And before the man finally succumbs, he regains a moment of lucidity and manages to tell Lucy that he had, in fact, been pushed in front of the horse and his death was no accident. Moreover, he believed that his murderer had to be one of his closer acquaintances, perhaps even a fellow Quaker.
Often written by clergymen, such chapbooks or pamphlets were usually both pious and didadic in tone. As historian J.A. Sharpe has put forth:
“The gallows literature illustrates the way in which the civil and religious authorities designed the execution spectacle to articulate a particular set of values, inculcate a certain behavioral model and bolster a social order perceived as threatened. Only a small number of people might witness an execution, but the pamphlet account was designed to reach a wider audience.”*
For example, when I was writing my dissertation on 17th century Quaker women, I came across a poignant tract--The Work of God in a Dying Maid (1677)**--written by one of the more prominent Quaker leaders, Joan Whitrowe, detailing the death of her daughter, fifteen-year old Susannah.
The 48-page tract tells the story, not just of Susannah's death, but of the young girl's early struggles with temptation. The testimonies, written by Joan and other local leaders, demonstrates how Quaker children and youth were supposed to behave, and why they should listen to the advice of their parents and other elders. Indeed, Joan dedicates the work as a warning to those wayward souls, "who are in the same condition [Susannah] was in before her sickness."
But the back story that emerges throughout the pious testimonies is quite compelling. As Susannah lay dying in her Middlesex home in 1677, neighbors whispered that the cause of her "distemper" was a recently thwarted romance. Questioned by her parents, the young Quaker admitted that a certain man was "very urgent with [her] upon the account of Marriage" and since her father had been a "little harsh" to her she thought she would set herself "at liberty."
But upon reconsideration she allegedly told her suitor, "I would do nothing without my Father and Mother's advice." She assured her mother, "before I fell sick this last time, I did desire never to see him more." [Here are some of the lessons about virtue and obeying one's parents--and the consequences of not doing so.]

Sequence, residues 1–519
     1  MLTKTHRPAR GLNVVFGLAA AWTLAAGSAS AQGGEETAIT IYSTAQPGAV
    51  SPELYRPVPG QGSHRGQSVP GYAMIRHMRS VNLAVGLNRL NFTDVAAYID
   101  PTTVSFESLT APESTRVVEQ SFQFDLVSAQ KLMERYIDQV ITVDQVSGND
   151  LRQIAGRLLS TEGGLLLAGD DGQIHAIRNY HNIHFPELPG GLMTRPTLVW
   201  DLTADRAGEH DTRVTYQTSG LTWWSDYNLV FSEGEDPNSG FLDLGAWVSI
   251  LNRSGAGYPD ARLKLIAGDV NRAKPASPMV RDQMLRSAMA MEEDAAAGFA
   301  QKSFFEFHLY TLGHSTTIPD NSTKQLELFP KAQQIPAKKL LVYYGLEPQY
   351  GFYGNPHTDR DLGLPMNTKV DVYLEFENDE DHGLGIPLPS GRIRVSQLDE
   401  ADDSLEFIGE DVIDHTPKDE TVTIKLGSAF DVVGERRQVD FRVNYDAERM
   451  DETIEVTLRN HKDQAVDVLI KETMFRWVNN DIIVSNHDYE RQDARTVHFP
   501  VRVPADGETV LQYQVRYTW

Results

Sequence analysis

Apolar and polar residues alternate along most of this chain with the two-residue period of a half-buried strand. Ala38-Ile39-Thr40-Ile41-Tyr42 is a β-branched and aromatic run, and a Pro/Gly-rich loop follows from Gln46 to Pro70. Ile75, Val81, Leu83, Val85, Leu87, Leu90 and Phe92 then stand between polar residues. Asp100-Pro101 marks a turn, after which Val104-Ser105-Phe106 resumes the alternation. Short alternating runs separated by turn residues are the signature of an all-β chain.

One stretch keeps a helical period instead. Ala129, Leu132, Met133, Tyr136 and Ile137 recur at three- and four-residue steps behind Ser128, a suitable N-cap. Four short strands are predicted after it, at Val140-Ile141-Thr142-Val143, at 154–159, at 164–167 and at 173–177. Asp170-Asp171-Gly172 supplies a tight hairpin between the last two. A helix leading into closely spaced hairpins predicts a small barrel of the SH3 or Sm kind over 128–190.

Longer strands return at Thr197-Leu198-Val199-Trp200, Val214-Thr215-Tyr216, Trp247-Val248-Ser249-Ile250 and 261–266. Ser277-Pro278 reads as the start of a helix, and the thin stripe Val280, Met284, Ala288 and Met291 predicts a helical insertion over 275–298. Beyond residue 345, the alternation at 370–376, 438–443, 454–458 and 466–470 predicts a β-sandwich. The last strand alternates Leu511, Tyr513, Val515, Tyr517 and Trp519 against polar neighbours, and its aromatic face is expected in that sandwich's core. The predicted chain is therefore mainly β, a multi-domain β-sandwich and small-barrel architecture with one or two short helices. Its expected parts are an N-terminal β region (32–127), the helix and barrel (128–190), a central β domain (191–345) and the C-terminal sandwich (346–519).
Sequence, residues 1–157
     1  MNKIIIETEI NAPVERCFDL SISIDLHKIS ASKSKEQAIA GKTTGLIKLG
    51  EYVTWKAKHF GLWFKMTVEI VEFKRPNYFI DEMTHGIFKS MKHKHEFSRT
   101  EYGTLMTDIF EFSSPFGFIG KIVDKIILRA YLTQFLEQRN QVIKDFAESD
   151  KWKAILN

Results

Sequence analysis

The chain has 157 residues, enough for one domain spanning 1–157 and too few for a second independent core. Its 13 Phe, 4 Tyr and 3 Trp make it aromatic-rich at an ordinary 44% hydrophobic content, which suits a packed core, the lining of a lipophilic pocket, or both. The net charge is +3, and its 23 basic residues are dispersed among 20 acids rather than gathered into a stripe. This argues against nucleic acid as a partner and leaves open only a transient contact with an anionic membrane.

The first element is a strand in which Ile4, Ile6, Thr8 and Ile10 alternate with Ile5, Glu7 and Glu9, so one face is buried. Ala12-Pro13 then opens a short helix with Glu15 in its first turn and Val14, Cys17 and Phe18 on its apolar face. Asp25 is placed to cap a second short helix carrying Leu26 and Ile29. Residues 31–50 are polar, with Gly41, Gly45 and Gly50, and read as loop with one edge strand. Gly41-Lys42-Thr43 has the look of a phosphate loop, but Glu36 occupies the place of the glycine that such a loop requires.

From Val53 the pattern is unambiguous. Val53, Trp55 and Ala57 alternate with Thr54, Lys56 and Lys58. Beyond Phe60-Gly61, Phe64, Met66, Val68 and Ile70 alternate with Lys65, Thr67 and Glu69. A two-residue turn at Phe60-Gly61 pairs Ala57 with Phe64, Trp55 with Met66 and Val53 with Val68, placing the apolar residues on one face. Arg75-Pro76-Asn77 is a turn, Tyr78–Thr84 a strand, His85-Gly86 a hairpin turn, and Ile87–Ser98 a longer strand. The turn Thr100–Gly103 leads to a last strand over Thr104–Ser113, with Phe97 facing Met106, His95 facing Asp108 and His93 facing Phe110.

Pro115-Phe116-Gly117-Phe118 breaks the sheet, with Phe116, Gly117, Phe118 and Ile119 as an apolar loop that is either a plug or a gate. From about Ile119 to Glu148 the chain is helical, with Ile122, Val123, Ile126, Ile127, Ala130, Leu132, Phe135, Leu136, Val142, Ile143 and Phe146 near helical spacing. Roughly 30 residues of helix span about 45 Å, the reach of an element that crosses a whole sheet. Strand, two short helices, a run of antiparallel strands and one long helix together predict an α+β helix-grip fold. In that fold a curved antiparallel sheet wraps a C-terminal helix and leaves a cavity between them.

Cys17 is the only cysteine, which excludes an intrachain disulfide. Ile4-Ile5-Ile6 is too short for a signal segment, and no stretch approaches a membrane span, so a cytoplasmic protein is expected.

Feverish, restless, and in pain, the young Quaker reportedly clamored for God's swift judgment, mercy, and an end to her suffering. For six days her mother and father and various friends maintained an anxious vigil at her bedside, praying and recording Susannah's final excited visions and earnest penitent speeches to God. She chastised herself for her vanity, "How often have I adorned myself as fine in their [her female acquaintances] fashions as I could make me?" She berated herself for bringing shame to her family and lamented speaking out against her mother’s sect: "Oh! How have I been against a woman's speaking in a [Quaker] meeting?"
What we can not know of course, is how much of this Susannah actually said, and how much was expanded upon in the written narrative to make the larger point about godliness. But it gives a sense of the way that people's final words were recorded, and it offers a fascinating backdrop for a murder mystery...
Joan Whitrowe, The Work of God in a Dying Maid: Being a Short Account of the Dealings of the Lord with one Susannah Whitrowe (n.p., 1677), 16.